By KYLE HIGHTOWER AP Sports Writer
BOSTON - The Celtics looked toward the future by selecting former Alabama guard JD Davison in the second round of the NBA draft on Thursday night.
Davison was an SEC All-Freshman Team selection this past season for the Crimson Tide, averaging 8.5 points, 4.8 rebounds and 4.3 assists despite only starting six games.
But the 6-foot-3, 195-pounder showed a propensity for big games, with two of 10-plus assists and 10-plus rebounds.
"He's a guy that we've seen all year long," Celtics president of basketball operations Brad Stevens said. "Very young. Very explosive - that's pretty obvious. Has the ability to get inside the paint and make plays and has some things that he'll have to improve on. But he's a good competitor."
It was the Celtics' lone selection Thursday after they traded their first-round pick to San Antonio as part of the deal that netted them Derrick White at the trade deadline.
It's the second straight year Boston didn't make a first-round selection.
Davison didn't work out for the Celtics during the pre-draft process, but he is someone that they kept tabs on throughout this past season.
He also fit the archetype of player that they don't need to contribute immediately.
"He'll be able compete for minutes like everyone else, but at the same time he can grow, develop and focus his attention on improving. I think that's an important place to be for a young player," Stevens said. "We've got a really good team. But he'll be able to put some heat on us with his speed on both ends of the floor. I'm looking forward to it."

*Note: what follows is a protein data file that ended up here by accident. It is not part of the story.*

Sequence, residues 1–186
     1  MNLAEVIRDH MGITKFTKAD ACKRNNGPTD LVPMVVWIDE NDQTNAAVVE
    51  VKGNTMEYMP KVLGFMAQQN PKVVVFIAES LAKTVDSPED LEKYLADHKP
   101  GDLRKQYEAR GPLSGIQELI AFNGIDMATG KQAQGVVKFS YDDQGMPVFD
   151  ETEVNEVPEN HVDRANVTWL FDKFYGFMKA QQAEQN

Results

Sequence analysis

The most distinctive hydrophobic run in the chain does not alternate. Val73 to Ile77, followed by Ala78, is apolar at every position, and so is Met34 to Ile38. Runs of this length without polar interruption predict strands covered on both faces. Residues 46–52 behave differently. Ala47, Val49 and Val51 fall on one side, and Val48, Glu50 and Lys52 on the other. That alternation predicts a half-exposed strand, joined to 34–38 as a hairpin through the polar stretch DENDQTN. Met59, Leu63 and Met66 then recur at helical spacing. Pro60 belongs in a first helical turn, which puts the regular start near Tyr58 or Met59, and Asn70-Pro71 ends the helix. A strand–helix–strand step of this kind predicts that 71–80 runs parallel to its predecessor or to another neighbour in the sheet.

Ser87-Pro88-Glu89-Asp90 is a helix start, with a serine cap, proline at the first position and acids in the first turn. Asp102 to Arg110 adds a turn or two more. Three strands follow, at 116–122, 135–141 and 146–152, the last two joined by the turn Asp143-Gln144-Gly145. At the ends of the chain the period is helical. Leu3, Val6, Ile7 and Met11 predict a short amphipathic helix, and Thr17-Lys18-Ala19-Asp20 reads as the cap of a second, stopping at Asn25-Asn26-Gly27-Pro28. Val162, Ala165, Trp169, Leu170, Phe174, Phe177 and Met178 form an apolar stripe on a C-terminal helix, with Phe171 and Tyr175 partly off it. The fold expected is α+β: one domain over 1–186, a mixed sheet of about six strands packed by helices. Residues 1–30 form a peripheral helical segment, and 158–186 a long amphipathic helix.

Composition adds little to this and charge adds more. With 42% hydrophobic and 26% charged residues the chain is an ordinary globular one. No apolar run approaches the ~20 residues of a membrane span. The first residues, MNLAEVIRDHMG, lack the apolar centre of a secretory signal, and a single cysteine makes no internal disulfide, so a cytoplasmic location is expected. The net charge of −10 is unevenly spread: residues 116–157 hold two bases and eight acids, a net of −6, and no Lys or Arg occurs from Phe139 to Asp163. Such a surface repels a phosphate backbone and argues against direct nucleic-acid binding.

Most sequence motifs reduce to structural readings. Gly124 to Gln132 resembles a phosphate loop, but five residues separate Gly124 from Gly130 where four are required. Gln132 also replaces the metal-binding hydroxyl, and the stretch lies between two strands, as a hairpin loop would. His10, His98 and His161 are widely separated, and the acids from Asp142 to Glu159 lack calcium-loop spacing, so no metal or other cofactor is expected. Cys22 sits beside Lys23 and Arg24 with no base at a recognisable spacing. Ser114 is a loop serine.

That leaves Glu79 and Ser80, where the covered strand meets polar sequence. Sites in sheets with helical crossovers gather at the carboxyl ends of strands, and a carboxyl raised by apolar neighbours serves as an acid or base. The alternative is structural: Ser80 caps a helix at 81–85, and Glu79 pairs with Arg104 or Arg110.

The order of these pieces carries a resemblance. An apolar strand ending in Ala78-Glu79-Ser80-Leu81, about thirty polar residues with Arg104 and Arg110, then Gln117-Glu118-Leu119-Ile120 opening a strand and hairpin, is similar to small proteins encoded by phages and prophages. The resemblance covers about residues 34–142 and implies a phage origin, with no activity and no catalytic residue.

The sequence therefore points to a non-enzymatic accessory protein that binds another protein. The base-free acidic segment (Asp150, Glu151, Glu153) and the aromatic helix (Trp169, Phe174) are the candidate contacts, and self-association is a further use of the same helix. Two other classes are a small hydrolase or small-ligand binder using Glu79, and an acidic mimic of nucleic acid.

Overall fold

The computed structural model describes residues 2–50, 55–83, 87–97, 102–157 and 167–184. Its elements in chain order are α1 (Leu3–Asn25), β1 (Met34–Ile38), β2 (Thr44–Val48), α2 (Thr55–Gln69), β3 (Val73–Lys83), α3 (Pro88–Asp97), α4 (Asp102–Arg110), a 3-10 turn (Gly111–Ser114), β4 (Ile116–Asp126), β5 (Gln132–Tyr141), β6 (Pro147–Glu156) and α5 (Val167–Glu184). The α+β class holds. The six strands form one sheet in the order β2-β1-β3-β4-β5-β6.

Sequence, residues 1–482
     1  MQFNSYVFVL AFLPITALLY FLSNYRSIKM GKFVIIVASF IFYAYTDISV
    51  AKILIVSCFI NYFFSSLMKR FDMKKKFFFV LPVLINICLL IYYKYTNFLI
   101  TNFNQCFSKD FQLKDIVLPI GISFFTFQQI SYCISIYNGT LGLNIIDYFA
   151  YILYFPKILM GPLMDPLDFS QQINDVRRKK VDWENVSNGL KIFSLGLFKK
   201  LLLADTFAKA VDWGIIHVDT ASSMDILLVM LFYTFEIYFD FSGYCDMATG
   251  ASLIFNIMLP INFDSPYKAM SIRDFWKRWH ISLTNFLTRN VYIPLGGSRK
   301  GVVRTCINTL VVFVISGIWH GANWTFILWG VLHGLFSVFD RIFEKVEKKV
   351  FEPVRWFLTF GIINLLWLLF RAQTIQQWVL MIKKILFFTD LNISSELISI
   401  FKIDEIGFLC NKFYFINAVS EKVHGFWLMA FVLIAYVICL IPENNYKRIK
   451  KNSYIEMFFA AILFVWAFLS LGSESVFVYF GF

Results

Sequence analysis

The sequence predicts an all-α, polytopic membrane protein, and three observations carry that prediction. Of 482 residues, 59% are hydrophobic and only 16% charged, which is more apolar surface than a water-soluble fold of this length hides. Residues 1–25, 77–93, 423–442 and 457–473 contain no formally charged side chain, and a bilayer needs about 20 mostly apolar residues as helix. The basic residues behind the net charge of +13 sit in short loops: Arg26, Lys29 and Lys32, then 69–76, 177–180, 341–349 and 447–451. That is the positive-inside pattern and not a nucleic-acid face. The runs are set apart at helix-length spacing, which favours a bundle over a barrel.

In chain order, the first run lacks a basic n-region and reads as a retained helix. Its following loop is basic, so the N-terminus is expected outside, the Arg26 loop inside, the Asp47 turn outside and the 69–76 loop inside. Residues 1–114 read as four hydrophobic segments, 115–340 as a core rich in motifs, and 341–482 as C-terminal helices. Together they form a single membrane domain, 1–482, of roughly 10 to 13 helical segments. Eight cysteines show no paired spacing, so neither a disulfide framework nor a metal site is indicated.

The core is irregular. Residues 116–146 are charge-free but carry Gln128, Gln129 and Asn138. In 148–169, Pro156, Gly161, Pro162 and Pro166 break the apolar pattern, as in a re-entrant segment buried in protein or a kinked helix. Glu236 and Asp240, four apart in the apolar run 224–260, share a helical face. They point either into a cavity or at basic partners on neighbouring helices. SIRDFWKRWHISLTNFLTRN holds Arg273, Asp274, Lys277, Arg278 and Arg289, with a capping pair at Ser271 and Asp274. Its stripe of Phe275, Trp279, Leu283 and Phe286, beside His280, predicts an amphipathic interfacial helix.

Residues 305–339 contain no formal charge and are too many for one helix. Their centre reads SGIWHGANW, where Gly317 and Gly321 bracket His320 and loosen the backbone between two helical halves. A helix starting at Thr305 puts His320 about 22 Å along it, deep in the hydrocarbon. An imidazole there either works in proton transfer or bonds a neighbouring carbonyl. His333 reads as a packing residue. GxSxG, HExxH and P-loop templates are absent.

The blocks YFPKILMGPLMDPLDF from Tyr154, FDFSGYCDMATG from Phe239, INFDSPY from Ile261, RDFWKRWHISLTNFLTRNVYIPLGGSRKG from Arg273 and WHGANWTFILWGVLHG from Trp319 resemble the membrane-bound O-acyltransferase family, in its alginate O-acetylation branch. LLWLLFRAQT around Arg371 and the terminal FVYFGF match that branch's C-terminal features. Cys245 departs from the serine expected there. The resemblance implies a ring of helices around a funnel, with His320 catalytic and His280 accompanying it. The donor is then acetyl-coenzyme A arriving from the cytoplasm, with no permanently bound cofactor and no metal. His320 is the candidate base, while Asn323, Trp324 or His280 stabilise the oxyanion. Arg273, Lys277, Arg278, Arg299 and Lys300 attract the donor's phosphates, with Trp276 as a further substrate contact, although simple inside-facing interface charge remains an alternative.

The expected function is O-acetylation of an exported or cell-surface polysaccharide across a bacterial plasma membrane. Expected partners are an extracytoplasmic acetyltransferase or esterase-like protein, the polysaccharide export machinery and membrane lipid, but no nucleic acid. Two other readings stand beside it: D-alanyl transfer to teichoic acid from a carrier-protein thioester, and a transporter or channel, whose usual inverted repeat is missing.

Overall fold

It's part of an offseason in which the Celtics will have to be frugal as they look to add depth to a team that made a run to the NBA Finals.
Boston is teetering near the luxury tax threshold, but has three trade exceptions totaling just under $30 million to play with, including about $17 million left from the one created from its sign-and-trade of Evan Fournier last August.
Stevens reiterated that heading into free agency the evaluation process will be fluid when deciding how - or if - they'll use them.
"It really comes downs to costs," Stevens said. "If the costs are appropriate, then you continue discussions and if they're not you table it for now and maybe you return to those later. But at the end of the day the trade exception is a tool, but it's not our only avenue. ... That was one thing about tonight, we wanted to make sure we were smart about all of our future assets.
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